An adventure closer to home happened when Fuston and her six roommates crammed into their kitchen for “Pancake Day.” Her roommates included two other Oklahomans, a Texan, a Canadian, and two English ladies who lived in university housing called Hendrefoilan Student Village (HSV).

“I distinctly remember all of us cramming into our kitchen for ‘Pancake Day’ and being disappointed in the English’s definition of a pancake,” Fuston said, as she explained their pancakes are similar to crepes. “So, we made them American style pancakes, and I think they ended up liking ours better.”

Fuston and her roommates are the last generation of students to live in the dorms, as they were sold to a nearby housing development. She commented that it was nice to live with several other students from the States because they could share their homesick feelings.

An obvious answer of what Fuston missed most was her family. She said she longed to joke around on the couch with them. Other items that might not readily come to mind were air-conditioning, fast-food breakfast burritos, streaming services, and driving one’s own car.

“The worst part was battling the homesickness. You try to maintain perspective and realize that no one gets opportunities like this, so you don’t waste it by being sad. On the other hand, I missed my family and friends such an incredible amount,” Fuston said.

Technology certainly worked in Fuston’s favor; however, the time change was a major obstacle as Fuston was six hours ahead of her family. A limited window emerged for Fuston to be able to communicate with her family and partner – Fuston’s dinner time and Oklahoma’s lunch time.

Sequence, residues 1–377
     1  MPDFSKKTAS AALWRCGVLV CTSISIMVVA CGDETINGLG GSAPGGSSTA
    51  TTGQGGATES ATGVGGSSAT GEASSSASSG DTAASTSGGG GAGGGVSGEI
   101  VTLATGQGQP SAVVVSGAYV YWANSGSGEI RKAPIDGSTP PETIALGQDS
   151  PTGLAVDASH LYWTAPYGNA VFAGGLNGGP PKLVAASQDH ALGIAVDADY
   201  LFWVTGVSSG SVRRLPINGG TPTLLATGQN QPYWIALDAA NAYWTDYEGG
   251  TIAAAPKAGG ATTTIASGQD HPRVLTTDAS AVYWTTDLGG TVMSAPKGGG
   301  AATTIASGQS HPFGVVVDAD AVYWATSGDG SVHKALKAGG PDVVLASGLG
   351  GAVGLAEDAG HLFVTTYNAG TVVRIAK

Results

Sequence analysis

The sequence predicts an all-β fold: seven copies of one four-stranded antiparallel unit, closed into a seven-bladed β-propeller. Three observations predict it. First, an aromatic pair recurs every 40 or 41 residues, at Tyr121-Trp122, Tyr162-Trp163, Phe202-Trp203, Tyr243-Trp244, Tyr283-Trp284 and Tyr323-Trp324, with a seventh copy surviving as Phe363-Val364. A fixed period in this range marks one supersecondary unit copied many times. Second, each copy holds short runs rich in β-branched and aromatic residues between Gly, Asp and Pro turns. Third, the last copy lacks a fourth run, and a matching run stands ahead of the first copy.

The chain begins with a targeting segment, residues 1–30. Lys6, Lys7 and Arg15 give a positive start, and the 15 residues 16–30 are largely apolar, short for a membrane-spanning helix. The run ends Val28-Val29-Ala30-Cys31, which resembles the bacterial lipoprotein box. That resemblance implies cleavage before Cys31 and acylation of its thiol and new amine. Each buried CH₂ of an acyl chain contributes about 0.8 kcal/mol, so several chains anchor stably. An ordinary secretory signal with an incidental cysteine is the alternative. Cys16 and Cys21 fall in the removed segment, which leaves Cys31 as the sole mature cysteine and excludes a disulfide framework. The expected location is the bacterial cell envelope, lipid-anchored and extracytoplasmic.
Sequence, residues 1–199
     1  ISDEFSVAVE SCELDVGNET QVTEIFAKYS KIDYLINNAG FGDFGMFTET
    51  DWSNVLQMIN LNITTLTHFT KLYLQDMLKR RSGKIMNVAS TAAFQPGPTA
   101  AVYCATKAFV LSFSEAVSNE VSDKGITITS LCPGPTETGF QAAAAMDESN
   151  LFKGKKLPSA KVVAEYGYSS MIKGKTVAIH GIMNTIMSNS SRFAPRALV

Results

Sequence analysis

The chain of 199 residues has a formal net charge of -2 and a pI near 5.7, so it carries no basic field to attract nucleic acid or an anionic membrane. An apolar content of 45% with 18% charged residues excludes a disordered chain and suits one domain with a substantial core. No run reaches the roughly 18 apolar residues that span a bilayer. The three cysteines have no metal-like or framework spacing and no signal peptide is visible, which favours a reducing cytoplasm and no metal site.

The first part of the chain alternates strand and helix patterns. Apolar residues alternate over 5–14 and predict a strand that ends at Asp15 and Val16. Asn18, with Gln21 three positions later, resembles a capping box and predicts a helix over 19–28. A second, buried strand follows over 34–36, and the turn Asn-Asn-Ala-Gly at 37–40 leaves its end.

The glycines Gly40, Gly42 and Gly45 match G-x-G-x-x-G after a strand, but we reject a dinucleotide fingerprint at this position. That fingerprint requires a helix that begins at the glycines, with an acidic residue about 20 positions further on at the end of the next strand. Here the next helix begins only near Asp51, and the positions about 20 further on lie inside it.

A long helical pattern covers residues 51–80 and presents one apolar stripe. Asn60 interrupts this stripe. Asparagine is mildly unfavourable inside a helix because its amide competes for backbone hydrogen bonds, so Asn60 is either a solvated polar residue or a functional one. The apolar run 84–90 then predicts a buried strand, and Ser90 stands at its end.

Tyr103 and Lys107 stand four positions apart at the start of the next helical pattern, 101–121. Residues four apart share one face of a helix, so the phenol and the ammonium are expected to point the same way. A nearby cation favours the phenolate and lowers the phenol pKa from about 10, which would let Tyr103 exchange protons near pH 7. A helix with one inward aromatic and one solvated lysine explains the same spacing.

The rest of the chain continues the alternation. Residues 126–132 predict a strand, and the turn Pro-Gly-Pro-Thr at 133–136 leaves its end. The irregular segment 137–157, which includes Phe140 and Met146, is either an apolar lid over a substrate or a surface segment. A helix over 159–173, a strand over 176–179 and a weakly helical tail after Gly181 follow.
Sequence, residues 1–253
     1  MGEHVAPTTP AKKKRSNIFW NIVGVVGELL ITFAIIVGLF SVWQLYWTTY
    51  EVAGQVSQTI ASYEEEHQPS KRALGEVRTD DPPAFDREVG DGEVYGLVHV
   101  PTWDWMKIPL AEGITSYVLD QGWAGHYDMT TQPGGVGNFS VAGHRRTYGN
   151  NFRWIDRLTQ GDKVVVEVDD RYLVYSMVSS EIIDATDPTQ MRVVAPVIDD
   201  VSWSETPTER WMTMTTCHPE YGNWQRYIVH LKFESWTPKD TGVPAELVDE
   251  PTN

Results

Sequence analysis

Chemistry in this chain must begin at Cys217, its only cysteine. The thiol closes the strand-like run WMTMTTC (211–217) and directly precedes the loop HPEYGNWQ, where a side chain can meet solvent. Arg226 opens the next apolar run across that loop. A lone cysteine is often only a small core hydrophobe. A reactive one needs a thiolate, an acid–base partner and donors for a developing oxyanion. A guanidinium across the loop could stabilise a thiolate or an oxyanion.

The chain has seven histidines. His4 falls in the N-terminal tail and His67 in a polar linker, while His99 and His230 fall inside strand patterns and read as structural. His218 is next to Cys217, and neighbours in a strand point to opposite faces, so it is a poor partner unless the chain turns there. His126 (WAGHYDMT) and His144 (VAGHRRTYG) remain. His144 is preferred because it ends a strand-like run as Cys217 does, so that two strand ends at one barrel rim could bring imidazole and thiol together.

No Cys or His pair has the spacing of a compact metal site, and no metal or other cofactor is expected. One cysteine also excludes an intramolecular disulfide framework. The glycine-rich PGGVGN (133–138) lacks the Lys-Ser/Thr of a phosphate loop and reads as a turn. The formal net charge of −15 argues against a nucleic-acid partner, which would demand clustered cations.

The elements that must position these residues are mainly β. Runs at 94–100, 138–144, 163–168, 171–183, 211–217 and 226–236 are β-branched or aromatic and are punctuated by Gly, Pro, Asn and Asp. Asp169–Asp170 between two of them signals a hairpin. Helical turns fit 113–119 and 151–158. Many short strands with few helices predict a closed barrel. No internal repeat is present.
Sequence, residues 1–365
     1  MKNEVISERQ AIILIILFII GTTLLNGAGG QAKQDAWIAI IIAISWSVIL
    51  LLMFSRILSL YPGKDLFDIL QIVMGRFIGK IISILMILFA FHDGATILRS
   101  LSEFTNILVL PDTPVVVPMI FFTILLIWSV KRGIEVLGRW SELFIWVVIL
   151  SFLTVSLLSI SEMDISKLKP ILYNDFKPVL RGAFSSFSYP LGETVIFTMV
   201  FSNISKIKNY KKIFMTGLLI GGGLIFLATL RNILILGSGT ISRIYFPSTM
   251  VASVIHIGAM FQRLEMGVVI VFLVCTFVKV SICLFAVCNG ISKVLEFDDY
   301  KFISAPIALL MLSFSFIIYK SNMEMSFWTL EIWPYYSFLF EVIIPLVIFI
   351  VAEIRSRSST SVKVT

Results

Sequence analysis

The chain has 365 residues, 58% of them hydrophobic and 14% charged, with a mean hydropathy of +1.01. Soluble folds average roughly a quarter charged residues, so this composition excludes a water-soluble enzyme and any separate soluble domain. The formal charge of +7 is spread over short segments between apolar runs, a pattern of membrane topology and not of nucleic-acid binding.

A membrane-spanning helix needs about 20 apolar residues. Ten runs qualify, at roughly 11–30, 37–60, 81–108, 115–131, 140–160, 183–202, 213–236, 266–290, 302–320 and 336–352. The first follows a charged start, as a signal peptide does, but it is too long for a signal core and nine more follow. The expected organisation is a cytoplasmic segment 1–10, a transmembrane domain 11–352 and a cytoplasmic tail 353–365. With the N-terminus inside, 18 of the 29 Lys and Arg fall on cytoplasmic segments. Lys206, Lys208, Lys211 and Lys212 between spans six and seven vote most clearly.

Even though the time change was an obstacle, Fuston still tried to keep up with USAO. She said she read her USAO email as frequently as her Swansea one. Even though she was an ocean away, Fuston still voted in the SGA election, hopped on club Zoom calls, and asked questions at the SGA Townhall. She got a chuckle out of replying to GroupMe messages and comment that she sadly could not attend on-campus events.

As Fuston returns to the States and USAO in the fall, she said it is so cliché to be that person who comes back from this style of trip “changed,” but she said she feels like she has grown.

“I think that my problem-solving skills have sharpened. You run into a situation when traveling – especially where you don’t speak the language – and you realize that it’s on you and you alone to get out of it,” Fuston said.

She continued to explain that there was a situation where her friend had to read Google translate off her phone to call a cab to catch their bus from Spain to France. Another situation arose when Fuston missed her train from London to Swansea, due to a delayed flight, and she couldn’t afford another ticket. The entire experience, she said, reminder her that everything is going to work out – even though it feels like it won’t.

A point of accomplishment for Fuston was when she completed her half marathon in Wales on her last day in Wales. She said she did not walk one step of the entire 13.1 miles. As soon as she crossed the finish line, she gathered her things and made her way to the airport to head back home after months of living abroad.


Emily Loughridge is a third-year Communication major at the University of Science and Arts of Oklahoma.